Reaching for the moon is super idea in July
July skies bring us an amazing sight – the super thunder moon!
Here we have the largest and brightest of the full moons of all of 2022, with a spectacular view Wednesday evening.
This megasize moon will rise in the southeastern sky at 8:13 p.m. Arizona time and offer up some amazing views of our nearest celestial neighbor.
The moon will be some 221,935 miles from us and comes at a time within 9 hours of the position we call perigee.
This is a great time to observe the moon with the naked eye, a pair of binoculars or a telescope. Here is a map of the moon to help you identify some of the basic features on the surface.
A super moon is one that comes closer to Earth than 223,000 miles!
Here are the other super moons in 2022:
May 16 – 225,015 miles from Earth.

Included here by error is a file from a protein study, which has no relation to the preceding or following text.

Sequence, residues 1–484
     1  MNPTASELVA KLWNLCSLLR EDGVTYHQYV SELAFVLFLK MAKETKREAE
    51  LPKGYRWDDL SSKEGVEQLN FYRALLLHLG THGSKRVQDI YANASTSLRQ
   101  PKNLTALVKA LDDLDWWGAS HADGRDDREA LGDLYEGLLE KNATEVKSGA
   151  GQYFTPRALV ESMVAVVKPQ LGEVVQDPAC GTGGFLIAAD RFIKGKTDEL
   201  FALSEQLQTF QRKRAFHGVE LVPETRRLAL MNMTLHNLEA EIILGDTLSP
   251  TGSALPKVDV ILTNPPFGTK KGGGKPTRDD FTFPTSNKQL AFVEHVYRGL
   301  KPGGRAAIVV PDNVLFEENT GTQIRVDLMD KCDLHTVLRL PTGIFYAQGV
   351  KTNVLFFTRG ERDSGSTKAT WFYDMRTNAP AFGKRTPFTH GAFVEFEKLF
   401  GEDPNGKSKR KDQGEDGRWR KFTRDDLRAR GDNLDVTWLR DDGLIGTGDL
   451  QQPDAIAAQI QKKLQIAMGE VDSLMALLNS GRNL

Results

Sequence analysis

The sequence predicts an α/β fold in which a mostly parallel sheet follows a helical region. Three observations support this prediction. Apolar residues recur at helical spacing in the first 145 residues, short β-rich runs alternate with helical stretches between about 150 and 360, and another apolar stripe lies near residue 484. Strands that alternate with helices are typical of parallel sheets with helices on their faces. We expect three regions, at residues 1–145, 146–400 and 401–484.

June 14 – 222,238 miles from Earth.
For those who would like a more detailed map of the moon, you can download a nice map here.
By the way, the term super moon is not an astronomical term; it was first used by astrologer Richard Nolle in 1979.
The true astronomical tern for this type of close moon is perigean full moon.
The month of July also offer us a time to reflect on the Apollo 11 landing on the moon on July 20, 1969.
At present there are some interesting spacecraft on the way to the moon and orbiting the moon.
Get set for more data and great images from the Lunar Reconnaissance Orbiter, based in Arizona and the Capstone spacecraft on its way to test out a new lunar orbit for the soon-to-be-built Lunar Gateway Space Station.
China has some interesting missions to the moon.
The moon is a most interesting place for future landings and the development of a true moon base.
Hope that you and your family will enjoy the wonders of the moon, as we experience the July super thunder moon this week.
To print your own monthly star chart, click here.
To view satellites/dates/times of passage, click here.
Listen to the Dr. Sky Show on KTAR News 92.3 FM every Saturday at 3 a.m.
The Dr. Sky Podcast is found here.